Monday, January 12, 2009

Will Simon Berry Win Over Coca-Cola?

I like Coca-Cola. I have always liked Coke. I know people who work at the Coke bottling plant; so, I almost feel like family. I was delighted to find out the latest endeavor Coca-Cola is considering.

Simon Berry is a thinker, a ponderer, and a doer when the answer reveals itself to him. Simon has been pondering the irony of our being able to ship a Coke just about anywhere on earth; but, our inability to ship inexpensive medications for diarrhea and other illnesses that claim children’s lives to these same parts of the world.

Simon has an idea. He has approached Coca-Cola with a life-saving plan putting Coke’s huge and extensive distribution system to use with just a small tweak. Simon is suggesting that the Coca-Cola Company, using his distribution network, deliver life-saving medications and information in developing countries. One of his suggestions is the dedication of one compartment in every 10 crates as “the life-saving compartment”. Joyously, Coca-Cola is listening.

Image Credit: Tielmann, on Flickr

Obviously, it is neither Coke’s job nor the job of its employees to deliver or distribute medications. Some sort of distribution plan must be made. WaterAid quickly points out that distributing rehydration salts for treating diarrhea is one of the least cost-effective methods to save lives. They would prefer educating people about hygiene (est. cost of $3/day per disability-adjusted life year) and installing proper sanitation ($11/day). Both extremely worthwhile goals to strive for which I’m sure we all pray will eventually come to fruition.

However, you can only work with what you have and progress is worth fighting for. When dissents attack his idea, Simon’s answer is: “Coca-cola reaches people. If people see the "life-saving" compartment, they will ask questions. Questions like: "How do I use these rehydrating salts?" and "How can I improve hygiene or sanitation to avoid disabling and life-threatening diseases?"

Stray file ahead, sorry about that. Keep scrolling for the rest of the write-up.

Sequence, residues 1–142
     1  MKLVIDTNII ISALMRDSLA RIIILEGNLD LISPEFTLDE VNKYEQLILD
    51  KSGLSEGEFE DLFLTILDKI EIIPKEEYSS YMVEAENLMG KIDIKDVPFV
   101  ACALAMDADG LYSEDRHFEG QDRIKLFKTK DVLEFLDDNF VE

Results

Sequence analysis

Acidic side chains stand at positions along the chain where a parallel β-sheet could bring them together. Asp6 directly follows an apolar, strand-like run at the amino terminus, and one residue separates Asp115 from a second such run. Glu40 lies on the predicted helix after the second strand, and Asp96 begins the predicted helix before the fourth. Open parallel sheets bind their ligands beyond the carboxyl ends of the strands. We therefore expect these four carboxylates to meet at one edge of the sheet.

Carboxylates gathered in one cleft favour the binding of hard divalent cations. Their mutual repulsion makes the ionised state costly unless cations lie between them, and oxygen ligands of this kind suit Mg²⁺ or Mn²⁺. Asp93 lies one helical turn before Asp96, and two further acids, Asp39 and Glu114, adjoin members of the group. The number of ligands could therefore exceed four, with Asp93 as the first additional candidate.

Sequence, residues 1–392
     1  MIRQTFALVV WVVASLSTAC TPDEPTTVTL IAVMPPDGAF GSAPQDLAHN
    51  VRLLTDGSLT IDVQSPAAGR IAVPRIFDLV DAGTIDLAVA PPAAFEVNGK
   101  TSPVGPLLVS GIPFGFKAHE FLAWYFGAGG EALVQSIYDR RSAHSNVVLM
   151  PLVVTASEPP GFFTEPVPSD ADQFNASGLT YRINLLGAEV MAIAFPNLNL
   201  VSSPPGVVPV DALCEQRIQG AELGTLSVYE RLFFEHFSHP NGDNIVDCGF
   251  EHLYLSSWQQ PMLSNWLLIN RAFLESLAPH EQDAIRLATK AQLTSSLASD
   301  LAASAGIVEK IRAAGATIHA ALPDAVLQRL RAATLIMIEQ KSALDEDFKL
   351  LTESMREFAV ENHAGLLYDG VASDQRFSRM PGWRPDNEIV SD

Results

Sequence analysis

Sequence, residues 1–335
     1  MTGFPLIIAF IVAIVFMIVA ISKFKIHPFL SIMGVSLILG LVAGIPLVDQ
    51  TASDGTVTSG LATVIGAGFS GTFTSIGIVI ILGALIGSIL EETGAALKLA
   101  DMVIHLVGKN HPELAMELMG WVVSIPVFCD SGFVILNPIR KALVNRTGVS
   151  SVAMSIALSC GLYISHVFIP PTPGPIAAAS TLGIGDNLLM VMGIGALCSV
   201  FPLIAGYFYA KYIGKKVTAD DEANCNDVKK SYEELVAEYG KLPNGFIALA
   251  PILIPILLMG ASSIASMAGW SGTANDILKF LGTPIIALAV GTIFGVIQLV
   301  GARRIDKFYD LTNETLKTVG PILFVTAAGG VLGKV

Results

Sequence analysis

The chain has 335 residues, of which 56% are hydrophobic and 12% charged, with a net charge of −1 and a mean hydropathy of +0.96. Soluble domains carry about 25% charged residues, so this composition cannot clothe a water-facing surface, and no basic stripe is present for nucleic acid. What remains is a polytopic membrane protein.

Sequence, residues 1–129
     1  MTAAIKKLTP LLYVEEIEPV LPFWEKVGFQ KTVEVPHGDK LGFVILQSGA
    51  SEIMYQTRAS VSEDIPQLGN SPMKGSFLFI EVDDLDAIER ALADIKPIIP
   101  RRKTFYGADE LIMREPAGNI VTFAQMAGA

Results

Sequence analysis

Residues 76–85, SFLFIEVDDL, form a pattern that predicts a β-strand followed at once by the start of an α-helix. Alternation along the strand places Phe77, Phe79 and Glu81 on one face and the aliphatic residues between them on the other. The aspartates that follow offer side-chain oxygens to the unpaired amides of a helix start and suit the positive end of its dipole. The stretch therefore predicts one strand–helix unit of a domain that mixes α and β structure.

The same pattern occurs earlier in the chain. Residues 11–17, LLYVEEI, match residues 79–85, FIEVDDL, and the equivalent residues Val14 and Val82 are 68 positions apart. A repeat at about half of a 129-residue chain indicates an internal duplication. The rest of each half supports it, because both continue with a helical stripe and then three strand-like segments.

Simon Berry's campaign is picking up supporters through a Facebook Coca-Cola Campaign group, media awards and a BBC interview. And Coca-Cola is listening, really listening.

According to Inhabitat, "Simon was invited by Salvatore Gabola, Coca-Cola’s Global Head of Stakeholder Relations, to a meeting to discuss the idea further at Coca-Cola’s European HQ in Brussels."

Good on you, Simon Berry!


kathi said...

I joined nearly 8000 others on the Facebook site for Coke to help the world's children. Big numbers on a site like that will get their attention.

This country's largest advertising buyers (McDonalds, etc.) pay the #1 guy on YouTube to make video raps for them. I think his name is Remy, maybe for his videos - some of which are hysterical. Anyway, the big companies are really paying attention to what is happening online and the youth market who 'lives' there.

s1m0n said...

Hi Pippa - thanks for bringing the ColaLife campaign to the attention of your readers . . . numbers matter!
Since the Brussels trip you mention I have been to a meeting in Tanzania to discuss the idea with local NGOs and Coca-Cola staff. We are getting there . . . . slowly! You can follow progress on the ColaLife Blog: